slice of life
From the South China Morning Post this week in 1968
American civil rights leader Martin Luther King was assassinated in Memphis in a murder that shocked the world.
From London to New Delhi, from Johannesburg to Moscow, news of the assassination brought stunned reactions and a deep sense of concern - bordering on fear - for the peace of the US, as 20 died in the wave of race hate that followed.
Rioting, looting and arson reverberated across the country, with damage estimated in the millions of dollars.
Two of America's biggest cities - Washington and Chicago - smouldered.
Ten people were killed in Chicago, five in Washington, two in Detroit and one each in New York, Minneapolis and Tallahassee, Florida.
In the nation's capital, black looters ransacked fashionable shops a minute's walk from the White House.
Troops ringed the White House and the Capitol area.
Police used tear gas during the night to break up the crowds, and dusk-to-dawn curfews and states of emergency were imposed on several cities.
Appeals for calm and restraint by president Lyndon Johnson and other national political figures were countered by calls from young militant leaders for people to join the 'black power' crusade.
An uneasy calm began returning to cities after three days of ferocious rioting.
King was killed by a tall, sandy-haired white man using a rifle with a telescopic sight from the bathroom window of a lodging house, which was located across the street from the motel where the civil rights leader was staying, Memphis police said.
King had spent most of the day in his room and had ventured onto the balcony only about three or four minutes before the fatal shot was fired.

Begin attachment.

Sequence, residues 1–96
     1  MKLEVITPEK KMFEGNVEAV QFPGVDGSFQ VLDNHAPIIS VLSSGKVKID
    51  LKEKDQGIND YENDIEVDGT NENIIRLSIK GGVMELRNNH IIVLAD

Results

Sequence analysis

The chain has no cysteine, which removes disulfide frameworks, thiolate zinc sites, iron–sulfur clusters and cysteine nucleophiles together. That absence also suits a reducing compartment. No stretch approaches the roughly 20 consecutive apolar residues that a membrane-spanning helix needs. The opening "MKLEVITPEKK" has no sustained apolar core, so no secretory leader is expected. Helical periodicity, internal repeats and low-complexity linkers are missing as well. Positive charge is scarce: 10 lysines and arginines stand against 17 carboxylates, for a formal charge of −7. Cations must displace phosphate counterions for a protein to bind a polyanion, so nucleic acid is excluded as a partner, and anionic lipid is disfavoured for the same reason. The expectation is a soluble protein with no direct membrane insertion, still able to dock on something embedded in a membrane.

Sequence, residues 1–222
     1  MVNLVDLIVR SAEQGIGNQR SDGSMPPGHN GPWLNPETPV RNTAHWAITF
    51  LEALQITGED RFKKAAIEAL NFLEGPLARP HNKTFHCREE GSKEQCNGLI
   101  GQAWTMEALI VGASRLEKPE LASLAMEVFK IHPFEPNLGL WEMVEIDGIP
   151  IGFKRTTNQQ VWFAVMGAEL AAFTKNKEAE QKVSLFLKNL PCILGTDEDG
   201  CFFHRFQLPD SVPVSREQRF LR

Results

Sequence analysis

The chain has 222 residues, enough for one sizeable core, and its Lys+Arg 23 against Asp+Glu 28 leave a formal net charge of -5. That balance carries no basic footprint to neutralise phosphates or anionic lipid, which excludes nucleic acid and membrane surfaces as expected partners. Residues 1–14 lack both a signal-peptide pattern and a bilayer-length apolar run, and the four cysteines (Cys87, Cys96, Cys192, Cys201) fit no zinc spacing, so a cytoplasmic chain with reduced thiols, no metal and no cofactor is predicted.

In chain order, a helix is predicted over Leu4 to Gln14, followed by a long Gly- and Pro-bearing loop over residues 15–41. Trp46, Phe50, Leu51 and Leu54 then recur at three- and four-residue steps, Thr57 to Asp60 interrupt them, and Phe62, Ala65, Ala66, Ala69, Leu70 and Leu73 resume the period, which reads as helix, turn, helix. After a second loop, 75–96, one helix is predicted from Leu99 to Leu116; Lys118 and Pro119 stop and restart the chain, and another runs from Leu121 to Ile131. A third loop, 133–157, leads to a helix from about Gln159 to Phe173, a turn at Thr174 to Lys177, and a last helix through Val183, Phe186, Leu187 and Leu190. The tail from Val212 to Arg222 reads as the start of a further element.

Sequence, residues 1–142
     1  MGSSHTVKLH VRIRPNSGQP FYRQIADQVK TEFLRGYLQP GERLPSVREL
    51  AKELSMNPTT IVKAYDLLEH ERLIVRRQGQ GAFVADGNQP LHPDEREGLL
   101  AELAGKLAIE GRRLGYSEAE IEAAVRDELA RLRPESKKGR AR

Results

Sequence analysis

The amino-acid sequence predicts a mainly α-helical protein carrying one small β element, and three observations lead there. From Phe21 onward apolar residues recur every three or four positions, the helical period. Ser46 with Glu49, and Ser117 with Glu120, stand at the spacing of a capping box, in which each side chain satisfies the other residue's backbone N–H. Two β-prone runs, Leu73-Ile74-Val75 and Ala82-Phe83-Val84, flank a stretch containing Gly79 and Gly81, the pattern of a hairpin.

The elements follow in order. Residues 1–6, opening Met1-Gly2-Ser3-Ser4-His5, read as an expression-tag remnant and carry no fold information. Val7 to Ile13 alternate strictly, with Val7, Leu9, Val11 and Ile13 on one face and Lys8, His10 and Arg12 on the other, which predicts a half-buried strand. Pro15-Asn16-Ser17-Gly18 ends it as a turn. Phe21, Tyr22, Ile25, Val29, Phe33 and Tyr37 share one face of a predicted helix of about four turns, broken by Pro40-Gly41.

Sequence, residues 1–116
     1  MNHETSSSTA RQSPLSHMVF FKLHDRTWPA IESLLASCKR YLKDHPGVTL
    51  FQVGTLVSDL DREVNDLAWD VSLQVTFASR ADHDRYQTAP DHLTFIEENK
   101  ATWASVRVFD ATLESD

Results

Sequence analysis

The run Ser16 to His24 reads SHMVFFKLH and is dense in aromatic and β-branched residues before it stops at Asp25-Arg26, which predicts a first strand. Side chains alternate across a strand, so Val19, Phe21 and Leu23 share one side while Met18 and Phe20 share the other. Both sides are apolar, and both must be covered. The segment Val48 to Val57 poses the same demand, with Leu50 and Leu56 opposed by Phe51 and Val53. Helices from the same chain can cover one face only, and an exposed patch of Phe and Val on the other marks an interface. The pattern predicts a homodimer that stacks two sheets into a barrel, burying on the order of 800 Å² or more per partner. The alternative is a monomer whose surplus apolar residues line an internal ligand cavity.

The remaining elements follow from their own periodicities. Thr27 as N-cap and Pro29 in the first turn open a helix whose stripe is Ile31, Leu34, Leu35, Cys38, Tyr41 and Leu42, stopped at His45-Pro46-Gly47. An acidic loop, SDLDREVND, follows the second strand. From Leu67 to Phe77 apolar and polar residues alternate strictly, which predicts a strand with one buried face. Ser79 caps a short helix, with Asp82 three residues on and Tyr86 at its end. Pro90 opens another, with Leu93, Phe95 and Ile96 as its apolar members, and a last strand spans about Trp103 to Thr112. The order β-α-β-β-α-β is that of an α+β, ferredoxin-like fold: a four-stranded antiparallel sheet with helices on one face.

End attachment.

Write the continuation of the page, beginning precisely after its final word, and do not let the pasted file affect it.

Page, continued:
He fell on to the concrete floor of the balcony, blood gushing from a wound in his neck.
Johnson told the nation in an address that whites and blacks had to join together to ensure that the ballot, not the bullet, would rule America.
'The dream of Martin Luther King has not died with him,' he said.
The North Vietnamese government said it was willing to enter exploratory talks with the US, even though the bombing of its territory had not completely stopped.
A government statement that was broadcast by Radio Hanoi said Johnson's announcement of a cessation in the bombing over most parts of North Vietnam fell short of the communist nation's demands.
However, the halt in bombing reflected that the US administration had been forced to bow to American and world opinion.
The government of South Vietnam welcomed moves to bring about peace talks to end the war.
Leaders of nearly all local textile industry and kaifong associations, seeking retention of governor Sir David Trench for a further term, sent two petitions to the Colonial Secretariat and the Secretariat for Chinese Affairs.
Individuals and associations were also planning to petition the queen.
They were joined in the correspondence column of the Post by Chong Hok-shan, who wrote: 'It is time for us to show our gratitude for what the governor has done for Hong Kong. What's more, the governor has one very special quality: he has a real understanding with the Chinese.'
A man and his wife serving a five-year prison sentence for possession of a bomb were given a pardon by the governor and released from prison.
They were also granted $15,000 in compensation for their detention after police discovered new evidence proving the couple's innocence.
Wong Yun-chi and Yip Hop-siu were arrested when police raided their hut seven months earlier and found a live bomb under a bed.
Six months later, a similar case in Fanling Court led police to re-examine the case against them.
Investigations showed that the same man had supplied false information in both cases.
The police were commended in court for their 'painstaking and careful investigations' leading to the release of innocent pair.